Israel: Q1 of 2015 sees 36% increase in new home sales

Israel: Q1 of 2015 sees 36% increase in new home sales

New home sales increase occurs as finance minister Kahlon readies new initiatives to contain rising prices.

As of yesterday, the sale of new homes has increased 36.1% in the first four months of 20015 compared to the same period last year.

The increase was particularly sharp in northern Israel, where home sales jumped approximately 90% from a year earlier, but the numbers jumped everywhere: 40% in the south, 34% in the greater Tel Aviv area, 31% in greater Jerusalem and 23% in the Haifa area, the CBS said.

The pace of home sales experienced a growth of an average of 4.9% a month from June last year until April 2015, reversing a monthly decline of 3% in the previous 10 months.

The numbers came two days before Finance Minister Moshe Kahlon is due to convene the first meeting of the housing cabinet, which will consider a package of reforms aimed at speeding residential building by cutting planning-approval red tape, freeing up apartments now used as offices for housing, and deterring property investors by raising taxes.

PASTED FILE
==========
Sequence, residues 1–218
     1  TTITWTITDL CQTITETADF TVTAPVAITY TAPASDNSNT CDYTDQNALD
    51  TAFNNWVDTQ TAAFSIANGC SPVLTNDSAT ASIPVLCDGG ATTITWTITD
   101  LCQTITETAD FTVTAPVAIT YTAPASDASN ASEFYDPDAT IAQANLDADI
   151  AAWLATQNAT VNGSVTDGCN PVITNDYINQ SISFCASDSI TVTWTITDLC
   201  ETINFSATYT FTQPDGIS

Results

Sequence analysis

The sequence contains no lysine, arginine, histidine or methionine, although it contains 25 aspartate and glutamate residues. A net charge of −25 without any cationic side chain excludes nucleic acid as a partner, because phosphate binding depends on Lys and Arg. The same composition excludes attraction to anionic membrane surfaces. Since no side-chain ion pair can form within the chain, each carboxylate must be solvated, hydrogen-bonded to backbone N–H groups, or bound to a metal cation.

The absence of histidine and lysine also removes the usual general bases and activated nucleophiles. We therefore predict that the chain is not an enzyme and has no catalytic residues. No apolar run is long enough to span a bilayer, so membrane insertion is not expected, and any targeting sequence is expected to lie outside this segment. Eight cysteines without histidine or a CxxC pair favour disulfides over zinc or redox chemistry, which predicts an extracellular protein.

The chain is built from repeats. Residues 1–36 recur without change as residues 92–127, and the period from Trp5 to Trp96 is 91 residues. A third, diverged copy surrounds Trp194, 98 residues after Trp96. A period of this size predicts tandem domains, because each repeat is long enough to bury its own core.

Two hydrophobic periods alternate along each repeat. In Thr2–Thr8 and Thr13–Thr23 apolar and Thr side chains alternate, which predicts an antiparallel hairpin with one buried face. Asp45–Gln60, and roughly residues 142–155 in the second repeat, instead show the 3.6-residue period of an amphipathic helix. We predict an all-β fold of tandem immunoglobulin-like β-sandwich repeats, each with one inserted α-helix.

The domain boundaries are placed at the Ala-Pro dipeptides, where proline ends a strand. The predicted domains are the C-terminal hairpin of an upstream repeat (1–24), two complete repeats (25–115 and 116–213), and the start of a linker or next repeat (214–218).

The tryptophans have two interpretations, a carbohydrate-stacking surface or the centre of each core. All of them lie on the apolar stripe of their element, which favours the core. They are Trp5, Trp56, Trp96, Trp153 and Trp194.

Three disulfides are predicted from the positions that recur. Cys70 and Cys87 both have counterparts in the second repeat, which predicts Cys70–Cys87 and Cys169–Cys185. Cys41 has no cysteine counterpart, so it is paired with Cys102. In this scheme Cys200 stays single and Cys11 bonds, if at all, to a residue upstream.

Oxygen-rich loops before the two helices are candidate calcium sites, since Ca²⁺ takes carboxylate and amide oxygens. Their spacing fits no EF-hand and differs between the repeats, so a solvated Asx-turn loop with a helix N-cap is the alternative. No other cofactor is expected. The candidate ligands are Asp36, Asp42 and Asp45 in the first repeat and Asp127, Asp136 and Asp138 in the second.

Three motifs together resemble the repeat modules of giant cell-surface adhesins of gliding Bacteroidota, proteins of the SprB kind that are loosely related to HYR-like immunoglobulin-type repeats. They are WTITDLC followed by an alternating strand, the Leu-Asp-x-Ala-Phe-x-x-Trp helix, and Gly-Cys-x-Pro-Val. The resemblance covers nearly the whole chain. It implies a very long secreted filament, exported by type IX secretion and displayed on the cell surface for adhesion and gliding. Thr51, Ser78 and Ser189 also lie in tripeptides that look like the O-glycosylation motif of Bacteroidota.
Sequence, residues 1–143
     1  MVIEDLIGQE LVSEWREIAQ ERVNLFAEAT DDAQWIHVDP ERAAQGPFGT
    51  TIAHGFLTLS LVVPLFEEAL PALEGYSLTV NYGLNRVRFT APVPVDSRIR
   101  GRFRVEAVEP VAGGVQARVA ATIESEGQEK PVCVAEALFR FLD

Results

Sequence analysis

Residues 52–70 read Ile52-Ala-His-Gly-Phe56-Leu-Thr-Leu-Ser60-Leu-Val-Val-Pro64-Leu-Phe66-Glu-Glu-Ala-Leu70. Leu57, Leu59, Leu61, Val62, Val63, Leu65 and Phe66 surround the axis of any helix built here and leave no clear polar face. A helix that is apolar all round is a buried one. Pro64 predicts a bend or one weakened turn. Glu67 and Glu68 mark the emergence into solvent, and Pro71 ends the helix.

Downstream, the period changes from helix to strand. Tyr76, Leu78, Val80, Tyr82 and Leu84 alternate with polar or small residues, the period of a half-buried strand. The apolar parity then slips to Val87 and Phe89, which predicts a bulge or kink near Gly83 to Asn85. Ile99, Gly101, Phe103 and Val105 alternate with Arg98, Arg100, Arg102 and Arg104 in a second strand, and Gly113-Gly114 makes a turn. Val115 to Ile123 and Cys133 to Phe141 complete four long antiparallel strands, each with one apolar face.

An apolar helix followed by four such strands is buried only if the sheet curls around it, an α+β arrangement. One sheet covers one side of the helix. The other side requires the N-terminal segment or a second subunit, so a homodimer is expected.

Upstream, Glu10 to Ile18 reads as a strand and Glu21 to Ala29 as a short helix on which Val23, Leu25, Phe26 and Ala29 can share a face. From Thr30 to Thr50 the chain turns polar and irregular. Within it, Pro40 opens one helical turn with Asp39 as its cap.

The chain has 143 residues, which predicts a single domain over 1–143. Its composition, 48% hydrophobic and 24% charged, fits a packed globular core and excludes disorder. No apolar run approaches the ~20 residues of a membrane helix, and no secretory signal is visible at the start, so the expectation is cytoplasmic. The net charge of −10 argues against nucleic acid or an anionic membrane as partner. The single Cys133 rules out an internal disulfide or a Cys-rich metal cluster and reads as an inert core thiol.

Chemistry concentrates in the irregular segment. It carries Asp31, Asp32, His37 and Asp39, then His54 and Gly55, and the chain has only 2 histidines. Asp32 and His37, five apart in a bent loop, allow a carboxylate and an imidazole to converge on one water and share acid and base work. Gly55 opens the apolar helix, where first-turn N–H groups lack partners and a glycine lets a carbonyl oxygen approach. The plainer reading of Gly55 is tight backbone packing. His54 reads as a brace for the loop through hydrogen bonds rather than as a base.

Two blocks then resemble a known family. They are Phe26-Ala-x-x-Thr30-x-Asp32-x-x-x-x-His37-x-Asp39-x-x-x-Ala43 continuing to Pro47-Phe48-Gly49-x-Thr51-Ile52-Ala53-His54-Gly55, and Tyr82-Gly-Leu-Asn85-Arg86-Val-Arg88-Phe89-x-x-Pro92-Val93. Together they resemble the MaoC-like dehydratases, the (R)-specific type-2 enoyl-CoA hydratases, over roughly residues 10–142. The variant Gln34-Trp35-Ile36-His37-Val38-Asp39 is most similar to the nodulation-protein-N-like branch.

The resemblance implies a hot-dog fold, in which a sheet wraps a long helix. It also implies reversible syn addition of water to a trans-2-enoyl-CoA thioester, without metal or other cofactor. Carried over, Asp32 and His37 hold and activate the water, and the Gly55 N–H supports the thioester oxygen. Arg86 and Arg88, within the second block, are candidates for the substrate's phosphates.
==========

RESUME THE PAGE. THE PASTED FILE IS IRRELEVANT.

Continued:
It seems Kahlon is determined to do something about the price of homes in Israel, which has been soaring at a rapid rate for a decade now. home prices, which the Government Appraiser’s Office said rose 4% for a basic four-room house in the first quarter from the same time in 2014.

Benjamin Netanyahu’s chief economic adviser Eugene Kandel on Wednesday, estimated prices are currently 30% higher than what they should be because Israelis are buying real estate out of fear prices will keep rising, putting homes out of their reach.

Karnit Flug, the Governor for the Bank of Israel told a real estate conference on Wednesday that home prices in Israel since 2007 had risen faster than they have in most other countries, but looking at the period since 2000, they had not.

Giving her apparent backing to the Kahlon plan, Flug said it wasn’t enough to make more land available for building, maintaining that land-planning programs also had to be developed far enough in advance so builders could develop the land they buy.
[cta id= »4285″ vid= »0″] Flug added that mortgage repayments had actually fallen in recent years even as home prices rose because of low interest rates and longer payment terms. Still, the lowest-income groups face a much heavier burden buying a home, with an average of 144 monthly salaries needed to buy a home for the lowest decile of earners, compared with 60 months for those in the highest decile, even though top earners buy more expensive homes.